Interview With Socialist Fighter Jorge Zabalza: “The Discourse that Revealed the Class Contradictions of Society has Been Lost”

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Source: Resumen Latinoamericano / The Dawn News / October 13, 2017

Jorge Zabalza was a member of the Tupamaro guerrilla in the 60s and 70s. Photo credit: Resumen Latinoamericano

Jorge “Tambero” Zabalza is now thinner than he used to be. This is normal, he says, since he recently survived a very risky operation and it has taken its toll. However, Zabalza is not a man to quit. He didn’t quit in his youth, when he fought the armed struggle with his Tupamaro comrades, and he’s not quitting now, when his revolutionary dreams have not yet found a harbor to dock.

A harsh critic of the Uruguayan Frente Amplio (“they fulfilled the promises of the right”) and of the vague defeat in which many of his own have fallen into, Zabalza still believes in the revolution, in the ideas of Artigas and Raúl Sendic Sr., and uses his experience to orient the newer generation.

Latin America is currently undergoing an attack that many characterize as brutal, and others call “times of serious difficulties”. What do you think?

Nowadays, Uruguay is a clear example of the process of the backslide of revolutionary ideas. The difficulty of reaching the people with a revolutionary message. This doesn’t mean we’ve lost our belief in the need to make the revolution, but it means that the revolutionary program retreats to a small group that cultivates that idea; we’re forced to discuss this idea among ourselves and not with the people because an ideological hegemony has risen to power, which makes apology of bourgeois democracy, where the biggest value today is to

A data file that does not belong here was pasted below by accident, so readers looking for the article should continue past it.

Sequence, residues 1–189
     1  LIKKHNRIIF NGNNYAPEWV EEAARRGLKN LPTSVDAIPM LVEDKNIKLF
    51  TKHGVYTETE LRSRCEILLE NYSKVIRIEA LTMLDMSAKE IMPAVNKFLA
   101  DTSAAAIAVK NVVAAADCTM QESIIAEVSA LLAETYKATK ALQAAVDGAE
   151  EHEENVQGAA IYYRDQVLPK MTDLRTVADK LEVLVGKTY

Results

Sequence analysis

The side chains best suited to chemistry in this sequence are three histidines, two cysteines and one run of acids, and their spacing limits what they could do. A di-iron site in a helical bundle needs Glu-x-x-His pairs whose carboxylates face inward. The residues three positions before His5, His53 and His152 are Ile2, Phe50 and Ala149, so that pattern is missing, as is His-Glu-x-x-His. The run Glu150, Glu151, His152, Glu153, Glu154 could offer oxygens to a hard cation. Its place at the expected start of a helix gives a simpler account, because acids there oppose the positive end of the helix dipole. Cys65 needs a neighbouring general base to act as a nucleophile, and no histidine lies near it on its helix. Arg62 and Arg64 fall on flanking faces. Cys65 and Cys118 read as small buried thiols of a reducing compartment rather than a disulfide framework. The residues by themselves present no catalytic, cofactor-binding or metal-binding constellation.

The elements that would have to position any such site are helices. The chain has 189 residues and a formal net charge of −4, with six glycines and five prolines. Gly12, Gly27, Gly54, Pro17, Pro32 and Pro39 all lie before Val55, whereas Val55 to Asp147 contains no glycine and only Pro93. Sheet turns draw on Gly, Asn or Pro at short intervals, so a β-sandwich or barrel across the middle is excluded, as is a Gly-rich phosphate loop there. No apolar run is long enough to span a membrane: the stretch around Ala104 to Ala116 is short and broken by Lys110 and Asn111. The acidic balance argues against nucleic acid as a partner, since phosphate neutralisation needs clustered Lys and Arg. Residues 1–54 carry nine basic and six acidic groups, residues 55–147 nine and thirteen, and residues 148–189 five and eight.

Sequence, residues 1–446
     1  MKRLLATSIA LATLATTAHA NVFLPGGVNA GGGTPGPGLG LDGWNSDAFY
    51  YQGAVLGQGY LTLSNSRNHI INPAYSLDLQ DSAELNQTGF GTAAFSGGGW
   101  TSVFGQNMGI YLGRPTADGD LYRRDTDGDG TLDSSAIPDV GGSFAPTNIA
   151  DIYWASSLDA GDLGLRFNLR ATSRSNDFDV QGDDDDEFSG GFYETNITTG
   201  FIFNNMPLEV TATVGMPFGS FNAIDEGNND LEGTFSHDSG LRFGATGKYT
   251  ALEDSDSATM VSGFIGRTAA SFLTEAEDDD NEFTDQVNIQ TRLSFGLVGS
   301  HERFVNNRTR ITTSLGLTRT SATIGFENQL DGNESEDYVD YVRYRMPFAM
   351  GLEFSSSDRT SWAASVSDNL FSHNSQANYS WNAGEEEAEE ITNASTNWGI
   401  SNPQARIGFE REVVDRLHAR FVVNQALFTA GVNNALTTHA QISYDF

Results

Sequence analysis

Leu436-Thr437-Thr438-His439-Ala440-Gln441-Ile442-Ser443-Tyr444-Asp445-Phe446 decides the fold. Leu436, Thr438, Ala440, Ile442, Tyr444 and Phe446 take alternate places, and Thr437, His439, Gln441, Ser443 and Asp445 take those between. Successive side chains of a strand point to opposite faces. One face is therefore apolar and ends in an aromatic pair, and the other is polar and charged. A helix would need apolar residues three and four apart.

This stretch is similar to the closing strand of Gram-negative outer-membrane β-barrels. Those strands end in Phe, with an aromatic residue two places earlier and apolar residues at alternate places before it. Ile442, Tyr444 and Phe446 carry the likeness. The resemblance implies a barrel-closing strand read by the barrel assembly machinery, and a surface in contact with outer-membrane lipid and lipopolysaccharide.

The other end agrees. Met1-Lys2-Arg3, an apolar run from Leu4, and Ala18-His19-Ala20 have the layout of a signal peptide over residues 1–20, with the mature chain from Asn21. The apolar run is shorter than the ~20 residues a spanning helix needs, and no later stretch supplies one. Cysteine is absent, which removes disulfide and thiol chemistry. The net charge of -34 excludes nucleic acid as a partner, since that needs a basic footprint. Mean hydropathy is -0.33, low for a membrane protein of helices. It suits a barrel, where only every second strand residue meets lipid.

Not long ago, in Uruguay, a landlord physically punished a 55 year-old fieldworker with a horsewhip, because he demanded to work less than 14 hours per day. And we have to hear things like “we have to understand the patron, be fair towards the owners of the land”. Is this an isolated event? Isn’t it a regular occurrence in the Uruguayan countryside? Are there not other cases? We’re going to carry out investigations in big estates and in timber exploitations on the conditions in which people are working, to be able to objectively assess whether this is a generalized practice or an exceptional case. But truly anyone can attest that this is not an exception, despite what the Prosecutor of the Nation, Jorge Díaz, affirms.

But in common discourse, people make apologies for this democracy, they don’t want to see class struggle in a big estate, a struggle so deep and so evident that it is solved with a horsewhip. What can the rural worker do? In this case he fled, but he could have knifed the foreman in self defense. But this level of violence is hidden in the countryside and the city.

In Montevideo, two out of three children live in settlements. This is the official number provided by Uruguay’s Center of Statistics. Is this violence? These kids are later on in life repressed by the police because they are considered “suspects”. Police officers detain and beat teens for no reason. Violence exists. But there’s a big fear of another type of violence: social violence. That’s why they cover up the existing violence, mainly through impunity. How is anyone supposed to be scandalized by the beating of a rural worker if they forgive torturers, rapists and people who kidnapped and made disappear people who fought for social change?